Although it does make life rather dramatic, ultimately it’s healthier than bottling it up and I have come to enjoy saying how I really feel, loudly and with the appropriate accompanying hand gesture. Definitely not many stiff upper lips around here!
Table Manners are Overrated
Sitting around a table, with your elbows off it, eating from one plate with a knife and fork and asking politely if someone could pass the salt – it seems so ridiculous when compared with the Greek style of dining. In this food centric society, meals are loud and boisterous, with much use of hands, bread and a single fork held in the right hand. It’s perfectly ok to stretch right across someone to grab something that you want, talk with your mouth full, wipe your hands on the table cloth and eat from all the plates, which are spread in the centre of the table. Once I got over myself and my Anglo-Saxon sensibilities, I realized how much more enjoyable mealtimes could be. Washed down with local wine, beer or tsipouro and plenty of political debate!
Blood is Thicker than Water
Here in Greece, its family first no matter what. Family members may be feuding on day to day bases, but when the chips are down, everyone comes running. You never have to face anything alone in Greece. There is a dependency on the family that is strange to one raised to be so independent; but it’s assuring too. Greek culture tends to concentrate more on the collective than the individual. We live, like so many, in a two storey house with my partner’s parents. Essentially two separate households, our lives are intertwined. Our children are upstairs or downstairs as they please. We have built in babysitters and we will care for them as they age. Financial and practical help, emotional support as well as Yaya’s home cooking, more than makes up for the limited privacy and occasional over involvement.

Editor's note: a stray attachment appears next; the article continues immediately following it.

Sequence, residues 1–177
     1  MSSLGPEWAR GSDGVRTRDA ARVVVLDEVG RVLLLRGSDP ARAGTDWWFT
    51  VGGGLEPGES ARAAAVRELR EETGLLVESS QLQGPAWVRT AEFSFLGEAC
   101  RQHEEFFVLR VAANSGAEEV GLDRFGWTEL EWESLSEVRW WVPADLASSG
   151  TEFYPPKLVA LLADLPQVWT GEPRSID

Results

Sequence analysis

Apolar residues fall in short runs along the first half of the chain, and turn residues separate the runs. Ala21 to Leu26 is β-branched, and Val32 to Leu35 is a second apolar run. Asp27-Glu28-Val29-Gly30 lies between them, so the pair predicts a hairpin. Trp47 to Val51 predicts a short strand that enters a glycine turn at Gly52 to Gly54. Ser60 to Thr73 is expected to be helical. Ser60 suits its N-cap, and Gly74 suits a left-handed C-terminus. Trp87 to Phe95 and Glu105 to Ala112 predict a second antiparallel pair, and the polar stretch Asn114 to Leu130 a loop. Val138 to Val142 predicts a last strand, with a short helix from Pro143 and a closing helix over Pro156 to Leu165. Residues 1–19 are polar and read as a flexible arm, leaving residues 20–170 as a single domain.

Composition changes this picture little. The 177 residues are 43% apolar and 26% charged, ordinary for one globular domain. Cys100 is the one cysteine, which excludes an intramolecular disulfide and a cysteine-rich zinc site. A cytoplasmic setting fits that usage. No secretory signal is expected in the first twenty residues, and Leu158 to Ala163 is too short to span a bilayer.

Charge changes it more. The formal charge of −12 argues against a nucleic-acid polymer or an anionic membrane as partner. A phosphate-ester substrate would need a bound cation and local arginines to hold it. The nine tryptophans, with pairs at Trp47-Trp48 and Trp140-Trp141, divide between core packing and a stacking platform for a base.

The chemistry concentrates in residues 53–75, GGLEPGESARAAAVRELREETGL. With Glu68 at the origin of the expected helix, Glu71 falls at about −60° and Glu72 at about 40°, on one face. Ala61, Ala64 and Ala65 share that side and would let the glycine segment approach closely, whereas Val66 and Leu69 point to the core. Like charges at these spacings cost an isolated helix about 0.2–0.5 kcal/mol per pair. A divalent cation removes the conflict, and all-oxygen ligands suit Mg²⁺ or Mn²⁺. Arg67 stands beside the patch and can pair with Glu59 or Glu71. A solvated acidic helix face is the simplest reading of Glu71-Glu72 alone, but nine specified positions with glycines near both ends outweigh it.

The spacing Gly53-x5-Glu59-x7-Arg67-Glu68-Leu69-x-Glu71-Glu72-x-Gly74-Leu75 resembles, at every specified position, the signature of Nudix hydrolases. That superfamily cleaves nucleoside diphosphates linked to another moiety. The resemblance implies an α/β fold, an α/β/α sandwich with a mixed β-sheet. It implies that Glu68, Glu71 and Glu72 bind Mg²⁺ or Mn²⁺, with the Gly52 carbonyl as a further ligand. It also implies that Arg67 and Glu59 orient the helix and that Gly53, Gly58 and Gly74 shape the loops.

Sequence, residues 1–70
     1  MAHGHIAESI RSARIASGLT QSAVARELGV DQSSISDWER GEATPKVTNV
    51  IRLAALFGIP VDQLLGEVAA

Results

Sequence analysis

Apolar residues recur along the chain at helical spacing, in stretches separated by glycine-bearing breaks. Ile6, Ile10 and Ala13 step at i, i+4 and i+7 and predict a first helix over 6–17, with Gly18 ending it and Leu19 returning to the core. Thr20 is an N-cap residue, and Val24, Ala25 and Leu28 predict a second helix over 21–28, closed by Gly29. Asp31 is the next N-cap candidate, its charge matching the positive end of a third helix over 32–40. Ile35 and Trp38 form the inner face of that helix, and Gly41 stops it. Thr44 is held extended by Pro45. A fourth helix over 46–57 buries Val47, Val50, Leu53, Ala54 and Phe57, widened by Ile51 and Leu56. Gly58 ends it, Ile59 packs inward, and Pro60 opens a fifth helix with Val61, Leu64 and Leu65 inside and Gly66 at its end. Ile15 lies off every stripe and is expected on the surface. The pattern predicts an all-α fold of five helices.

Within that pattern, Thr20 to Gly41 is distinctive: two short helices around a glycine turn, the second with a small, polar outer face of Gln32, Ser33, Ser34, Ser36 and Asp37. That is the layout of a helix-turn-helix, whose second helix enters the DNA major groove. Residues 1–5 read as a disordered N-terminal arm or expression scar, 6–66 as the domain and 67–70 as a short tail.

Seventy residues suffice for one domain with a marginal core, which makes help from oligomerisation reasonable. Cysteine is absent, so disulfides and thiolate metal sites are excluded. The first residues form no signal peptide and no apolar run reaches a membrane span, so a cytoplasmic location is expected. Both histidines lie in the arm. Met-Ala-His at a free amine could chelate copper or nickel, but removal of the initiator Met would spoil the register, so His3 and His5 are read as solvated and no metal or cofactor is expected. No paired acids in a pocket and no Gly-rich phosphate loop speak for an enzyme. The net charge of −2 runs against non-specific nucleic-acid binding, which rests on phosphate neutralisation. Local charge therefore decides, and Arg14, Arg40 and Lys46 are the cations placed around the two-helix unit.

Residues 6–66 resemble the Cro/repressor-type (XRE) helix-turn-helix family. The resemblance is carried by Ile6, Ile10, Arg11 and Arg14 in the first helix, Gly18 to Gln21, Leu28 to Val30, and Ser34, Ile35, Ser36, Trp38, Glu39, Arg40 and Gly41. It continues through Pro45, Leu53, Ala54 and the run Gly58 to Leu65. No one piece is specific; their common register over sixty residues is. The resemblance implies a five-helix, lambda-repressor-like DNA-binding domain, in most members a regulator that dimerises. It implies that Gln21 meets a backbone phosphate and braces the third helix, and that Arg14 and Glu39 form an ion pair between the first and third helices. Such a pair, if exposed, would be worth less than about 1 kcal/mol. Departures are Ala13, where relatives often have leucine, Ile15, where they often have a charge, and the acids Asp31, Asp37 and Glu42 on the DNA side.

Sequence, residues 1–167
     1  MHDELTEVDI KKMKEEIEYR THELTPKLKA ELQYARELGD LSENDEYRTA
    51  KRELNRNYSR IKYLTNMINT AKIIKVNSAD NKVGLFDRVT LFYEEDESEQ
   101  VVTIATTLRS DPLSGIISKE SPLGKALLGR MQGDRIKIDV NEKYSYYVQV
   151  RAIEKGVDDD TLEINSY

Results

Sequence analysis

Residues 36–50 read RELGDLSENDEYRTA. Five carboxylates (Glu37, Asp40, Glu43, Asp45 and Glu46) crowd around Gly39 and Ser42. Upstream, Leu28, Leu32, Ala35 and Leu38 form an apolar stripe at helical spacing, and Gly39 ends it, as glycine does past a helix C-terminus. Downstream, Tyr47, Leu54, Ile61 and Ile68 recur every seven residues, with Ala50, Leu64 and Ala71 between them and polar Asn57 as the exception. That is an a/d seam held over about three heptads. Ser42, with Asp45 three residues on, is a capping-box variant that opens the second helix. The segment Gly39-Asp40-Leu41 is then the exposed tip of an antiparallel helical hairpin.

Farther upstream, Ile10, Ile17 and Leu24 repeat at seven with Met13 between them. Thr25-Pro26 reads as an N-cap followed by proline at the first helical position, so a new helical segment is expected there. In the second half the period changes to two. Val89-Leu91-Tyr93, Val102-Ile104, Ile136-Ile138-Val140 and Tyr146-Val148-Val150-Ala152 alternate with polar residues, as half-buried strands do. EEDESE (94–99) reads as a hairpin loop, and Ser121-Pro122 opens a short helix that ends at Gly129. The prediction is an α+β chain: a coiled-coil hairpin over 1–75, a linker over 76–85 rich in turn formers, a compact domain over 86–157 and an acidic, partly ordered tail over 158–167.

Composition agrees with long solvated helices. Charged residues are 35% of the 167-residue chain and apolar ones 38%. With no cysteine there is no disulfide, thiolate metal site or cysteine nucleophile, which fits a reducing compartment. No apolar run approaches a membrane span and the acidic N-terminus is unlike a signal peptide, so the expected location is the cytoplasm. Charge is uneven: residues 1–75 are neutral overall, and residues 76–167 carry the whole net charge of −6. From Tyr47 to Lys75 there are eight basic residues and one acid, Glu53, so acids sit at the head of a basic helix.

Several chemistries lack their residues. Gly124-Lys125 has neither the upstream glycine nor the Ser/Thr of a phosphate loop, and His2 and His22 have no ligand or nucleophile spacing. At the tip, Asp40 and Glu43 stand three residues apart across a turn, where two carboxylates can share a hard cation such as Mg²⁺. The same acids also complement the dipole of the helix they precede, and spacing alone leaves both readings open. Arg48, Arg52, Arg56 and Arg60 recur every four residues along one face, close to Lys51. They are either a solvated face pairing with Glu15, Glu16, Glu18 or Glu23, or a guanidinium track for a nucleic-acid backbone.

Slow Down and Live in the Moment
Time in Greece is rather relaxed. Finishing something ‘in-time’ is not something overly worried about and being ‘on-time’, especially for social arrangements, bothers no one. Last minute cancellations are frequent and taken in stride. Masters of the eleventh hour, and incredibly inventive, I am always amazed by how quickly Greeks can pull something together, albeit it in total chaos, when the pressure is on.
The Greeks have been living in the present, long before it was a thing. If you bump into a friend in town, you will simply put off whatever errands you have for the day and immediately go for coffee. If you don’t feel like doing something, don’t; there is always tomorrow. The Greek word for tomorrow αύριο (avrio), was one of the first I learned, having heard it so much. Like most mañana societies this means that a lot doesn’t get done, which can be frustrating; the upside is a relaxed, less-pressured and flexible way of life.